I lie still in the wet grass, panting, sweat rolling down my brow in beads. I’m on a roll—more than twice as many as last week, I tell myself, referring to the set of push-ups I just did.

It’s not quite seven o’clock in the morning, and the air around me is thick and humid and rapidly approaching 80 degrees. One of my dad’s friends, a soccer referee and cyclist, is watching me from the bench where we do triceps dips. Three times a week, he arrives at our doorstep at 6 AM sharp to put me through whatever intense workout he’s chosen for the day. It’s always killer.

Later that day, my mother says, “Sometimes I hear you laughing outside and wonder what he could possibly be putting you through.” I tell her everything we did that morning and she shakes her head. “At least you’ll be ready for club season in the fall,” she says.

For years, playing soccer for a statewide team/club seemed like an unattainable dream. Those teams were for the really talented girls who entered the program long before their teenage years. But now here I am, despite that fact that my years of “training” took place in totally recreational, noncompetitive contexts—the most official “coach” I ever had was my dad. I had little hope when I tried out for the team, but I tried out anyway, and I made it. And for the first time, I feel like I deserve it.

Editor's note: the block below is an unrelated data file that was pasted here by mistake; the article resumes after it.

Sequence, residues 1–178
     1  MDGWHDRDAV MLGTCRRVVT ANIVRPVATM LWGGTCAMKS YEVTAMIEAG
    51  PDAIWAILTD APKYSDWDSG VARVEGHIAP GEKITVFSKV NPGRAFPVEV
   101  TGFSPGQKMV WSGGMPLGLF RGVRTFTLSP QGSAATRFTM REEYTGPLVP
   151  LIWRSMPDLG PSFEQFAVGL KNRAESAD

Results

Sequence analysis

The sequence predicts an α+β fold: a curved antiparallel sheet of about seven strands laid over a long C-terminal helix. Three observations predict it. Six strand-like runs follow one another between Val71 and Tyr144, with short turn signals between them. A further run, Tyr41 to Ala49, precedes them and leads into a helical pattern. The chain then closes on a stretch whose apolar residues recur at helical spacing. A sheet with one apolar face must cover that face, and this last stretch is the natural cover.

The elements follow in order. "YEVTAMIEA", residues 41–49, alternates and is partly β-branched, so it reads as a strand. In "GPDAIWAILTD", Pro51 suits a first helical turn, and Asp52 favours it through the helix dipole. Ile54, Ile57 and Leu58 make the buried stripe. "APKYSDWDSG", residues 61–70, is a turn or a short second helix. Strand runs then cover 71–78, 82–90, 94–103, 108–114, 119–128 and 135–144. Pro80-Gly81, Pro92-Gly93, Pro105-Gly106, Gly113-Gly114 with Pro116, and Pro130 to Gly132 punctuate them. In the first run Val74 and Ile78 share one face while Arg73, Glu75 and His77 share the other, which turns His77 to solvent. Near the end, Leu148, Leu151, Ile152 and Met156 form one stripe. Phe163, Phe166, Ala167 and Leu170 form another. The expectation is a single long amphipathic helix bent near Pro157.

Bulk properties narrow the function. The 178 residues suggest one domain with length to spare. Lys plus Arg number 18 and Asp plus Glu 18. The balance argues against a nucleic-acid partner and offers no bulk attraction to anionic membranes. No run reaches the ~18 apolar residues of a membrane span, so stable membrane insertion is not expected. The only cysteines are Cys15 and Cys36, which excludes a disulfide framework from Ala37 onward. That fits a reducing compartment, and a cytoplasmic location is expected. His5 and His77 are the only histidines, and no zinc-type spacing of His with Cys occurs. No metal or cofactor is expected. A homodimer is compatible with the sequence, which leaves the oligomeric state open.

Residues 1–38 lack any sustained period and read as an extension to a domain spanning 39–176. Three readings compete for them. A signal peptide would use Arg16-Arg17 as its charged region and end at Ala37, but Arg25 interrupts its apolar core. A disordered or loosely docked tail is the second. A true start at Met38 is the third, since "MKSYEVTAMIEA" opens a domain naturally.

Whenever I start doubting myself, I think about Ella Massar. My family used to go to see her play for the University of Illinois back when I was still too young to focus on the game for more than a few minutes at a time. I was lucky enough to meet Ella last year at a soccer clinic she held in my town, where I learned that she didn’t start playing club soccer until she was 15, the same age I am now. Not long after that, she joined the Illinois team, and now she’s playing professionally for the Houston Dash. The night before a tough practice, I often write Ella’s number, 30, on the back of my hand.

When I walk into the kitchen after my next workout, my mom says, “I think you live and breathe soccer more than any of your teammates do.”

I say, “I try.” ♦